“This is a historic agreement that realizes a dream of many years and the dream of Herzl. The agreement is of the highest diplomatic, economic, environmental and strategic importance,” said the Minister of Regional Cooperation and Infrastructure, Silvan Shalom. “I am pleased that an investment of years has reached its hoped-for conclusion and will benefit Israel and the residents of the region as a whole,” he added.
Jordanian Water Minister Hazem Nasser spoke about the humanitarian aspects of the project: “This is an agreement with a humanitarian aspect, designed to aid those who need water. There is an ecological aspect as well, since we are trying to save the Dead Sea.”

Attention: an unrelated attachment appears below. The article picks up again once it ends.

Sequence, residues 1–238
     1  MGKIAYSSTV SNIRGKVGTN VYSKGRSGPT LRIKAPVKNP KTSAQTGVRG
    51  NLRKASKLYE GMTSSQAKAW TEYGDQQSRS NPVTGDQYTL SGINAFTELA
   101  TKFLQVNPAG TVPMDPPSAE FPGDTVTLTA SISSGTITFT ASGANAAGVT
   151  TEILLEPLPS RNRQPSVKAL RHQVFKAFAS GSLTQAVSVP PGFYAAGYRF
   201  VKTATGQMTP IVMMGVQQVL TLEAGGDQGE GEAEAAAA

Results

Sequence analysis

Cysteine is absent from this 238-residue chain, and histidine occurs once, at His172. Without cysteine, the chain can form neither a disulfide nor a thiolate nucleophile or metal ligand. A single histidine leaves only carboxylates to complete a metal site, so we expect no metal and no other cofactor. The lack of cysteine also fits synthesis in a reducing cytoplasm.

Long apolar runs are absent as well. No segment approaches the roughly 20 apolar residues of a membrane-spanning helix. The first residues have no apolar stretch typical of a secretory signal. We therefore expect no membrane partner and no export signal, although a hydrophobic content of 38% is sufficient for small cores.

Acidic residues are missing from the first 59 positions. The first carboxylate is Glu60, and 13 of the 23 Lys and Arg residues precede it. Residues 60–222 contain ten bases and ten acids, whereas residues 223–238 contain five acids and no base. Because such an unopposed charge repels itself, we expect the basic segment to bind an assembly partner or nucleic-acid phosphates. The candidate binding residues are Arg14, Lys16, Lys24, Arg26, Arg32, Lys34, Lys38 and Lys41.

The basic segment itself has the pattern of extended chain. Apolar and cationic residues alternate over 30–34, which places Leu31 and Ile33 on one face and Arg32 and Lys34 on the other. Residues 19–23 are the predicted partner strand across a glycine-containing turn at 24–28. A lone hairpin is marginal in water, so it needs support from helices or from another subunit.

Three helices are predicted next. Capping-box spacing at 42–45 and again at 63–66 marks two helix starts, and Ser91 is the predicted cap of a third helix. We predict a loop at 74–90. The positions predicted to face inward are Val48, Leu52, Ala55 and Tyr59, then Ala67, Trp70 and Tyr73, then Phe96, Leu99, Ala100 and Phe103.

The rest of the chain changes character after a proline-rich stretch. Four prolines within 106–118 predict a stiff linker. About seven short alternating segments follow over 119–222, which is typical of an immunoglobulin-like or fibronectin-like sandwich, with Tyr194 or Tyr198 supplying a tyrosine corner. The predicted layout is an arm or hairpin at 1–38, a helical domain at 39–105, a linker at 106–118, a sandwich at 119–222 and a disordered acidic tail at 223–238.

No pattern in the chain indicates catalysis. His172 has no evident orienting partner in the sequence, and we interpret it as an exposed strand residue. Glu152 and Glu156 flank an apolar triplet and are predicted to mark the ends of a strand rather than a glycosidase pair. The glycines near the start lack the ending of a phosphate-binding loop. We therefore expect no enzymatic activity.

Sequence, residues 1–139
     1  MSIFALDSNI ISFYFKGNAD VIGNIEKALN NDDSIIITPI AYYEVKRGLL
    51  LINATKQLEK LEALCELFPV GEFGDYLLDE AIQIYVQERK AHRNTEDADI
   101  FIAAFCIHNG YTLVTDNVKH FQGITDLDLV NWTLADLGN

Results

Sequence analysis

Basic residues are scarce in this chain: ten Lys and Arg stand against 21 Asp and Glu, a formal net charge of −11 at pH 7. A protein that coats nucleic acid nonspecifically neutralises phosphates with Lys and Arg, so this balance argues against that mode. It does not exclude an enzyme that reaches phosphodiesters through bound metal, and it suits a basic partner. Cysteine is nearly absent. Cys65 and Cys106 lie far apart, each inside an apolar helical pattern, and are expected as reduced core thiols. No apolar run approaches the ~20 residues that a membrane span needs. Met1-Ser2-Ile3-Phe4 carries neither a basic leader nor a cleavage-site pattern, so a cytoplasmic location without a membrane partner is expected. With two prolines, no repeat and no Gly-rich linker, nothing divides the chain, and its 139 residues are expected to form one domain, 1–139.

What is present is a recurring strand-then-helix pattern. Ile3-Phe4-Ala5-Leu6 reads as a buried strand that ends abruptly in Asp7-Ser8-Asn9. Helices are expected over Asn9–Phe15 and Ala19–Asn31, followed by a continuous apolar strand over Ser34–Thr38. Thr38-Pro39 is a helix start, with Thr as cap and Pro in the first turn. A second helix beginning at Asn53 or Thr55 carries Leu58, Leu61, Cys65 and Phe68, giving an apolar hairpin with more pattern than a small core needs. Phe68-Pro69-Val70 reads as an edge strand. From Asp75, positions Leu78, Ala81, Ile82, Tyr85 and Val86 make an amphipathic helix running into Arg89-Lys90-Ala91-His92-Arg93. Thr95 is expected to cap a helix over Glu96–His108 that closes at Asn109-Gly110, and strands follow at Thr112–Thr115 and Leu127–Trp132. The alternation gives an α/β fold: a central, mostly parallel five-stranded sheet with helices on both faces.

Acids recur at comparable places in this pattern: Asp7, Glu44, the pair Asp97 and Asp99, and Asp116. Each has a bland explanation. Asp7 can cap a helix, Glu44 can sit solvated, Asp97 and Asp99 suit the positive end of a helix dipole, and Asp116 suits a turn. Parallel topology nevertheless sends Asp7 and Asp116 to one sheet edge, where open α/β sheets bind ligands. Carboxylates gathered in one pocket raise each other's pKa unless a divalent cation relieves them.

The head of the Palestinian Water Authority, Shaddad Attili, stressed that in spite of the conflict, “the agreement is unrelated to the Oslo Accords. The beauty is that this is a regional deal, and it is important to everyone to save the Dead Sea. Despite political issues and the conflict, we proved that we can all work together.”
Environmentalists are not happy with the decision, with many highly concerned about the environmental consequences. Some are warning that mixing Red Sea and Dead Sea waters could upset the unique chemistry of the Dead Sea and the ecosystem, while discoloring the Dead Sea’s famous blue waters. Other concerns highlight damage to coral reefs in the Red Sea as well as contamination to the underground water of Israel’s Arava desert.
— Anav Silverman, Tazpit News Agency
Study Results Show High Israel and Community Engagement
At a time that the Jewish community is looking to invest in the next great new Jewish idea, a new study shows how a “new” idea from 80 years ago that created Zionist youth movements has produced lifelong community involvement by its participants.